Record-breaking multiple F1 World Champion Michael Schumacher will sensationally return to the grid with Mercedes Grand Prix in 2010 - that is the expert view of BBC pundit Eddie Jordan, the man who first gave the German his break in the top flight almost two decades ago.

Following the announcement that recently-crowned 2009 F1 World Champion Jenson Button has jumped ship from Brawn GP - now Mercedes Grand Prix, following the Stuttgart manufacturer's majority buy-in - to partner compatriot and title-winning predecessor Lewis Hamilton at McLaren-Mercedes from next season onwards, the Brackley-based outfit has two seats to fill.

With 2007 world champion and Ferrari evictee Kimi Raikkonen having ruled himself out of the running [see separate story - click here], it has been widely surmised that Mercedes' target is to employ two homegrown stars in an all-German 'super team' to rival McLaren's all-British line-up. Ex-Williams F1 ace Nico Rosberg is all-but certain to be unveiled as one of the two, and experienced BMW-Sauber refugee Nick Heidfeld had been mentioned in connection with the second cockpit, as had Robert Kubica should Renault pull the plug...until Schumacher's name entered the frame.

Whilst speculation linking the 40-year-old to the team has been largely scorned - and downplayed by his official spokeswoman Sabine Kehm, who nonetheless conceded that it would be wise to 'never say never' [see separate story - click here] - it is undeniable that Schumacher's failed comeback in place of injured former team-mate Felipe Massa earlier this year has re-whetted his appetite for the challenge, and Jordan reckons the lure of the competition is one that has proven too strong for the 91-time grand prix-winner to resist.

"The possibility is being actively pursued and I believe it is going to happen," opined Jordan - who sold his own eponymously-named Jordan Grand Prix operation, with whom Schumacher made his celebrated F1 debut in the 1991 Belgian Grand Prix at Spa-Francorchamps, to Midland in 2005 - in an interview with the BBC.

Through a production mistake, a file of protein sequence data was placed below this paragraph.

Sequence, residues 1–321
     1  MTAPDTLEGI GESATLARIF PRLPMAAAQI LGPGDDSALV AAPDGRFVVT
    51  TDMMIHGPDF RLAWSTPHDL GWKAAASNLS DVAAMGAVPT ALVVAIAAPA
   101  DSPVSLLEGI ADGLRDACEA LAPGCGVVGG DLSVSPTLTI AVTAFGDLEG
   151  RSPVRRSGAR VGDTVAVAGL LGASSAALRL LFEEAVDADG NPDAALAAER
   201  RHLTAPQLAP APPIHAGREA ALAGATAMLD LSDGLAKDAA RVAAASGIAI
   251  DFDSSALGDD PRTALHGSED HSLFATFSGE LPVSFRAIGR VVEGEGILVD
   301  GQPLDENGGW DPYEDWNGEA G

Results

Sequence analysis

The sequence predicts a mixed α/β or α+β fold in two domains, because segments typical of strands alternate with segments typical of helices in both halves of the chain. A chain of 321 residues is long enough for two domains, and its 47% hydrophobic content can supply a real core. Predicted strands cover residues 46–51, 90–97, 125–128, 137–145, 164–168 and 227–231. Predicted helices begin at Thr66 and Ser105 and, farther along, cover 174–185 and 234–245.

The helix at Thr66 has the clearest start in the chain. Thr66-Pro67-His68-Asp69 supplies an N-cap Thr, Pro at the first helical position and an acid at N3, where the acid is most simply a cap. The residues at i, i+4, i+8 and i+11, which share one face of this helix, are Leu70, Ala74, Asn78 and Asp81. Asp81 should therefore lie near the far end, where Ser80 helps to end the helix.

"It started with a meeting between Michael, Ross Brawn and Daimler chief executive officer Dieter Zetsche at the Abu Dhabi Grand Prix. At the moment, it is not possible for Michael to drive for Mercedes because he has a consultancy contract with Ferrari - but I understand he was due to meet Ferrari President Luca di Montezemolo with a view to him being released, and that it will be approved because it is in the interests of F1. I believe that is being planned at the moment.

"I also believe Ross [Brawn - Mercedes Grand Prix team principal] and Michael have spoken in recent times, and that Michael likes the idea of driving a Mercedes run by Ross - it's a mouth-watering idea. Schumacher was bitterly disappointed he didn't get to come back to replace Massa - he's keen to race again, and this is a dream for both parties.

"Michael and Mercedes go way back - he drove for their sportscar team before he raced in F1, and they were responsible for getting him into F1. They paid the then Jordan team to give him his debut in 1991. He has won all these titles but never driven in F1 for Mercedes."

Mercedes is understood to be eager to secure Schumacher's services on a one-year deal only, prior to prising young hot-shot Sebastian Vettel - a driver who some suggest could go on to at least partially emulate his countryman's spectacular achievements in years to come - away from Red Bull Racing for 2011, when there will still be a season left to run on the 22-year-old's current contract.

The move would also make sense in that Schumacher and Brawn collaborated together extremely successfully both at Benetton and Ferrari - with the Englishman brilliantly helping to engineer the Kerpen native to all seven of his drivers' world crowns - and it was with Mercedes that the latter first shot to prominence in sportscar circles before making his name in F1.

What's more, Schumacher's neck injury - caused by a motorcycling fall at Cartagena in Spain back in February, and the sole stumbling block that dashed his hopes of taking Massa's place in the summer - is expected to be healed by the end of the year, making it entirely feasible that the most successful driver in the history of the sport could return.

Though he recently renewed his contract with Ferrari, Schumacher's ambassadorial duties are now focussed predominantly on road car development and testing, with no longer any active role inside the Scuderia's F1 team.



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